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Ralph M. Mohr and Dennis Chapman v. Erie County Legislature

August 4, 2011

RALPH M. MOHR AND DENNIS CHAPMAN, PLAINTIFFS,
v.
ERIE COUNTY LEGISLATURE, CHRISTOPHER C. COLLINS, AS COUNTY EXECUTIVE OF THE COUNTY OF ERIE, AND COUNTY OF ERIE,
DEFENDANTS,
AND DENNIS E. WARD, INTERVENOR-DEFENDANT.



The opinion of the court was delivered by: William M. Skretny Chief Judge United States District Court

DECISION AND ORDER

I. INTRODUCTION

Plaintiff Ralph M. Mohr commenced this action by filing a complaint with the Clerk of this Court on June 30, 2011. Plaintiff Dennis Chapman commenced an action in New York State Supreme Court, County of Erie, which was removed to this Court on July 1, 2011 and assigned Docket No. 11-CV-560.

At a preliminary conference held on July 21, 2011, this Court issued a bench decision dismissing Plaintiff Chapman's second cause of action. Chapman's sole remaining cause of action alleges the same violation and seeks the same remedy as does Plaintiff Mohr's complaint. Plaintiffs both allege that Defendants' failure to adopt a county legislative redistricting and reapportionment plan for the 2011 election violates the one- person one-vote requirement of the Equal Protection Clause. Both seek a declaratory judgment to that effect, imposition of a court-approved districting plan, and adjustments to the requirements of Article 6 of the New York State Election Law for the 2011 legislative election. In light of the identity of issues, the Court proceeded, on July 21, 2011, to consolidate the cases.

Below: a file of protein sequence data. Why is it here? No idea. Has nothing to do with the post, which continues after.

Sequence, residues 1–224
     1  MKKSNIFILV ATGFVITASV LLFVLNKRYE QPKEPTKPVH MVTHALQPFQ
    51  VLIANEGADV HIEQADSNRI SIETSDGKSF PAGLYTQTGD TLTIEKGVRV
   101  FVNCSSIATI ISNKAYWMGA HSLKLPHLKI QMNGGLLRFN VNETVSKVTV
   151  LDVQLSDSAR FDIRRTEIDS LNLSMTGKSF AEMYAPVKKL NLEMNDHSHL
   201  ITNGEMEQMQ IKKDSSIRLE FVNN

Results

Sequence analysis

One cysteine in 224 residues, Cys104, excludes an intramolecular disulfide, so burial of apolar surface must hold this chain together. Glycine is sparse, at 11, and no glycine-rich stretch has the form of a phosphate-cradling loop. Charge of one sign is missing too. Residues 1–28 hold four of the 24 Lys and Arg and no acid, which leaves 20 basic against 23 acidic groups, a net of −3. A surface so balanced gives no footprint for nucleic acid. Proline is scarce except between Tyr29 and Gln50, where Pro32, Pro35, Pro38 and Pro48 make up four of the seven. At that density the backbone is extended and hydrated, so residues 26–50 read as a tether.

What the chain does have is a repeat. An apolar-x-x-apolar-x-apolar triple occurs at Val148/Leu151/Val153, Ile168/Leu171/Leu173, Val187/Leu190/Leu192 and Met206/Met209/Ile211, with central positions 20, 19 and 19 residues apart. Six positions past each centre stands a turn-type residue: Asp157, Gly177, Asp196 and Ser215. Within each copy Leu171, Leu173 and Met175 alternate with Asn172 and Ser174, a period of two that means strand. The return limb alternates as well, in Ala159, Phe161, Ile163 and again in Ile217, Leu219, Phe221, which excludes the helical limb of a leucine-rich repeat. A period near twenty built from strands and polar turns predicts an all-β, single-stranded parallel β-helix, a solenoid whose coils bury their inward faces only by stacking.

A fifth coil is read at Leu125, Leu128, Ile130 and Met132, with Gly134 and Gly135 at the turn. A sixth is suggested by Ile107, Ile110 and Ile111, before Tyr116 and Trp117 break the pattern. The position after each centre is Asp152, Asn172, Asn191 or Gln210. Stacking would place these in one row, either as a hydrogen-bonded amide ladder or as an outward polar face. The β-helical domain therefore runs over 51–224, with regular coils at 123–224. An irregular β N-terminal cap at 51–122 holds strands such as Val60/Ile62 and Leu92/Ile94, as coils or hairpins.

II. BACKGROUND

A. Facts

The facts underlying this action are not in dispute. The County of Erie has adopted a charter form of government, and is governed by both a county executive, elected on a county-wide basis every four years, and a legislative body elected every two years from legislative districts apportioned throughout the county. Presently, the legislature is made up of fifteen members.